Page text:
The Dynamique TomTom offers a decent standard of safety and comfort, getting seven seats and a modular interior layout. Standard equipment included sport-style upholstery featuring extra side support and Teflon protection, an integrated Carminat TomTom Live satnav as well as a piano black interior trim. The Espace's versatility continued as before, with ten aluminium tracks in the floor which enabled the interior and boot space to be adapted in line with the number of passengers and luggage being carried. On the outside, the headlights incorporated LED daytime running lights and the range of seven body colours included a striking Pearl Blue. The wheel choice comprised 17-inch Eptius and Novadis rims.
What to Look For
Check for worn suspension and tired clutches and gearbox on higher mileage cars. Also make sure that the car you're looking at has a service history and hasn't had a company background or, worse, been used as a taxi. Fourth generation cars have no major faults but check for interior wear and tear and exterior parking scrapes. Look for damage to the composite body panels, as repairs can be expensive.
(approx based on a 2010 Grand Espace Dynamique TomTom) Expect to pay around £275 for a front bumper assembly and £395 for a headlamp unit. An air filter is around £14 and an oil filter £18.
On the Road
The Espace has never been about a sharp drive, instead letting its practicality and styling do the talking. Should handling and performance be priorities in your large MPV buying decision, go for a Ford Galaxy or S-MAX. If, on the other hand, you feel that family duties don't jibe with cornering like Lewis Hamilton, there's little that you won't like about the latest Espace. There's not a lot of choice when it comes to engines, customers picking either a 150PS unit that's mated to a manual gearbox or a 175PS version of the same 2.0-litre turbodiesel that drives through an automatic box. Both feature FAP particulate filters.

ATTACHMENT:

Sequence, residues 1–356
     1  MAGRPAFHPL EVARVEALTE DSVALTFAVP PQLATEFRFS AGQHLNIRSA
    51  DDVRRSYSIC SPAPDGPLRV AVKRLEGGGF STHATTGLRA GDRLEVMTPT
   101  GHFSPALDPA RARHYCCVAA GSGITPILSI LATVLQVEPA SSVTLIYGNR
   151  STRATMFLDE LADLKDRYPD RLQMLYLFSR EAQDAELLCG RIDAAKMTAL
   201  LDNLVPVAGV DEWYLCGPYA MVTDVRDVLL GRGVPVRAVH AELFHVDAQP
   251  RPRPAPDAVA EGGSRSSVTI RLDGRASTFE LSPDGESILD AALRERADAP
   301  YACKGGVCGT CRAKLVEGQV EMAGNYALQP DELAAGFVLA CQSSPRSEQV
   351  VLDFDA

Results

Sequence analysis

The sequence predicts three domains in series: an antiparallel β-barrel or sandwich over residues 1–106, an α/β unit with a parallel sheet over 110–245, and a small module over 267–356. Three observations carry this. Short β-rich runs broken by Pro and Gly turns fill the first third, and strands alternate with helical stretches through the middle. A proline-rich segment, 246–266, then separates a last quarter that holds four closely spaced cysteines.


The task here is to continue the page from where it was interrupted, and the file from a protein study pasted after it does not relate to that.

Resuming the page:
As before, it's possible to buy the Espace in regular length, which is still hardly insubstantial, as well as a stretched Grand Espace model. Both cruise very nicely at speed, with excellent refinement, but are a little less composed if you're hustling through corners. Still, horses for courses and all that. You probably wouldn't expect a Lotus Exige to be much cop at driving the family to EuroDisney and back.
The Renault Espace deserved its reputation as the big MPV that the rest measured themselves against. It mellowed in its later years, becoming a little more mainstream, but that tends to be a natural evolution. Whilst it's sad to see it gone, the Espace was eventually priced out of contention and that means it might be a little while before true bargains appear for used buyers. This last of the line Espace is certainly one to watch.
Renault Espace (2010 - 2012) review by Andy Enright